Special quests for materials such as Indian and Persian texts involved help from experts. Osler had purchased Wise’s Commentary on the Hindu System of Medicine (Bibl. Osl. 112) in 1915, and in 1916, asked A.A. Macdonnel, the Boden Professor of Sanskrit at Oxford, for advice on how to acquire Sanskrit manuscripts. Professor Macdonnel, who had been very successful in 19o7-19o8 in acquiring Sanskrit manuscripts in India for the Bodleian Library, recommended two colleagues in Benares, and suggested he acquire texts of Charaka, Susruta and Vagbhata. In 1919, Sir Leonard Rogers, a tropical disease specialist, gave Osler 10 Sanskrit items (Bibl. Osl. 93, 94, 97-104).

A great admirer of Osler, and devotee of his writings, was Dr. M. Sa’eed, of Hamadan, Iran. They apparently met in Oxford in 1913, although corresponding earlier. It was through Sa’eed that many of Osler’s Arabic manuscripts of Rhazes and Avicenna were purchased, all at prices under £15. Delivery was sometimes delayed for years due to wartime conditions. Through Sa’eed the Dioscorides manuscript (Bibl. Osl. 346) and the al-Ghafiki manuscript (Bibl. Osl. 7508) were purchased in 1912.

On the evidence of the invoices, the highest price Osler paid for a single item was £40 to Leo Olschki of Florence for the extremely rare edition of Rhazes’ Liber nonus ad Almansorem, 1476 (Bibl. Osl. 451) which was sent to the British Museum. Another expensive incunable was Brunschwig’s Buch der Cirurgia, 1497? (Bibl. Osl. 7423) purchased from Schwartz of Vienna for kr.600, about £12. One of the heaviest tomes in Osler’s collection, the Speculum naturale of Vincent of Beauvais (Bibl. Osl. 7503) cost him £22, from Davis & Orioli.

However, out of thousands of purchases, few reached over £4. The high prices were for some manuscripts, incunabula, and the Prima items (of which many are incunabula). One Vesalian item was expensive because it could attract bidders as the earliest known English book with engraved illustrations. Thomas Geminus’ Compendiosa totius Anatomie delineatio, 1545 (Bibl. Osl. 574) cost Osler £25 at Sotheby’s in 1917.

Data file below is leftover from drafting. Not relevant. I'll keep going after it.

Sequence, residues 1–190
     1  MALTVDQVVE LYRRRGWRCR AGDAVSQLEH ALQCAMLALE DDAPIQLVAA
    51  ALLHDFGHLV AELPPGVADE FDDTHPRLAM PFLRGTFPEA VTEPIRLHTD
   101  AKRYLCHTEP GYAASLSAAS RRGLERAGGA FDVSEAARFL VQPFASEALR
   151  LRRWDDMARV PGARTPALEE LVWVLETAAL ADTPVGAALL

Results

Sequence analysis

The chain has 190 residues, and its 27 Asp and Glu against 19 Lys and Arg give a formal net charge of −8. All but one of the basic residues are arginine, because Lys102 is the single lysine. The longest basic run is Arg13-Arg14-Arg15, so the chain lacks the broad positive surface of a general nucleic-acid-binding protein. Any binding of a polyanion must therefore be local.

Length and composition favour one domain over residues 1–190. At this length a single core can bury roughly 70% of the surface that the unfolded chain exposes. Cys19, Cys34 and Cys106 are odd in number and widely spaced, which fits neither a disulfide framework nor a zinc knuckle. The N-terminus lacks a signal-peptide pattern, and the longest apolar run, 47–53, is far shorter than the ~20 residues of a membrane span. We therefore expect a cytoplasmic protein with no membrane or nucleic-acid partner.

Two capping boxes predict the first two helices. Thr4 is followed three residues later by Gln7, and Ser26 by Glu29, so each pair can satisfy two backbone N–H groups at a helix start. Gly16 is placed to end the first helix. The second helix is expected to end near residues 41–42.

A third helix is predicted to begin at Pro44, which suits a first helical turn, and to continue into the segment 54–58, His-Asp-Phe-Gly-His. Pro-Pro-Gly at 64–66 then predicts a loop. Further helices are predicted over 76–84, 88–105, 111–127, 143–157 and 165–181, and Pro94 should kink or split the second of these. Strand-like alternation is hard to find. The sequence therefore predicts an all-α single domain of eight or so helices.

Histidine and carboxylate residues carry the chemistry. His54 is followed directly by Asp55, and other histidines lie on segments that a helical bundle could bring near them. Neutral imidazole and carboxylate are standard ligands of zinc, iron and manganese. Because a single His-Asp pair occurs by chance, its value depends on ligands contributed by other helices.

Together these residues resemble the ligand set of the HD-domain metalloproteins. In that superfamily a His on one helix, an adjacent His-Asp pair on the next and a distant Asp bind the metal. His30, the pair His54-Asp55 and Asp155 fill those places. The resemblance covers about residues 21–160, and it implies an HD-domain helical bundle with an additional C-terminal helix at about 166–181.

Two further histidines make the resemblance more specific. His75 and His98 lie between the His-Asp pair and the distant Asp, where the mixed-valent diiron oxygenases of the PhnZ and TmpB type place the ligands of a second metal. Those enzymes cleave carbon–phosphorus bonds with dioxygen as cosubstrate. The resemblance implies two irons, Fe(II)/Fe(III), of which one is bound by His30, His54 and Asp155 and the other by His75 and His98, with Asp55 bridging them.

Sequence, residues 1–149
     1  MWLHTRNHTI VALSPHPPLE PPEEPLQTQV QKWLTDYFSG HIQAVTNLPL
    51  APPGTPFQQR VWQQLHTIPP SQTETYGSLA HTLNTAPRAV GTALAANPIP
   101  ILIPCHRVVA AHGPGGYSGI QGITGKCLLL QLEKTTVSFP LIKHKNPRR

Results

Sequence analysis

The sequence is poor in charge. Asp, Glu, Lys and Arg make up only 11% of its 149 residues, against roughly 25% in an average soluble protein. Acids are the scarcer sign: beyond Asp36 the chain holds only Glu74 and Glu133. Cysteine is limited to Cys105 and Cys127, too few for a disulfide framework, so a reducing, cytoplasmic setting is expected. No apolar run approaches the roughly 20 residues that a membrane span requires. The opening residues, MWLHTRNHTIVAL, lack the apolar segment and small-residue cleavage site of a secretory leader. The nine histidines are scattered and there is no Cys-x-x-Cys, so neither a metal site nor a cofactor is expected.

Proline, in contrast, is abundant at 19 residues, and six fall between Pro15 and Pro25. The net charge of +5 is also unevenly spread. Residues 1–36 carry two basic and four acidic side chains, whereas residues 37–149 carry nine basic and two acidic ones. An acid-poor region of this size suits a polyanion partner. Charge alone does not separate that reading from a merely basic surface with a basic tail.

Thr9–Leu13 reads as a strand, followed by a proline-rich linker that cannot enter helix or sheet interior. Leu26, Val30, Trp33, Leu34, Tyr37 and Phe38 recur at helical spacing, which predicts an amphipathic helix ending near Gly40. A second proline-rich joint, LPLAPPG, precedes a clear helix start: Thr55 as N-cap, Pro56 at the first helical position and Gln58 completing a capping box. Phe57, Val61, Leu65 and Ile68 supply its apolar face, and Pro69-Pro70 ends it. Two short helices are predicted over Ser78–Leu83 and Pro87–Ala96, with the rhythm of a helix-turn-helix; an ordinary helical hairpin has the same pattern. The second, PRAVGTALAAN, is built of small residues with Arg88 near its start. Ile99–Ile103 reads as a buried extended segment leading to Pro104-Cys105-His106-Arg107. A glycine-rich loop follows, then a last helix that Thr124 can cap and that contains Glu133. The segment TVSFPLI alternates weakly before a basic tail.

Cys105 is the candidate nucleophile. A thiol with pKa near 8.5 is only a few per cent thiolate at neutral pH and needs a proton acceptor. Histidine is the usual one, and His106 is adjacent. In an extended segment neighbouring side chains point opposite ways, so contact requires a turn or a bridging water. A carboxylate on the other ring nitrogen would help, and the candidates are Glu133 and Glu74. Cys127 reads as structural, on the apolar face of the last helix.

In April 1911, Osler received from Muller the catalogue for the upcoming van den Corput sale (Bibl. Osl. 6989). Bernard Edouard Henri Joseph van den Corput (1821-1908), a Belgian physician, had published works on plague, papermaking and technical education. His collection was a fine opportunity for Osler to add basic texts, and he leaped at it.

One truly exciting item was listed, a certificate written by Vesalius. He wrote to Harvey Cushing to ask, “Shall you bid on it? If so I will not. Or if you like I will bid, and we will toss who will keep it…I wish you would let me know anything special that you are bidding on so I will not bid against you.”7Osler to Cushing, 19 April 1911, typescript copy of letter in Cushing Papers, Osler Library manuscript collection.

Time passed and correspondence across the Atlantic was slow. Osler decided to bid for the Vesalius item and to take pot luck on other items for Cushing. As it turned out, the manuscript was withdrawn by the van den Corput family from the sale. However, he did get some nice things for Cushing, which are now in the Yale Medical Library, among them: Pare’s Oeuvres, 1579, at fl.30 (about $15); C. Estienne’s De dissectione, 1545, at fl.30; and Blankaart’s Anatomia, 1695 and Vesling’s Syntagma, 1666, in a single lot with six others at fl.15.

For himself, Osler bought at least 120 titles, for a total of fl.681.25, about $340. “At least” because many lots had more titles than were listed in the sale catalogue, which may or may not have been retained by Osler. Among his prizes were a number of Laennec letters (Bibl. Osl. 1329), a first edition of Mondino’s Anatomia, 1492 (Bibl. Osl. 7463), and a Leyden diploma (Bibl. Osl. 7539). One lot of five, knocked down at about $5, included Laennec’s De l’auscultation mediate, 1819 (Bibl. Osl. 1318). Most of his editions of Glauber were bought as lot 336, for fl.20. Most of the van den Corput purchases were to end up as substantial additions to what became the Secunda section of the Bibliotheca.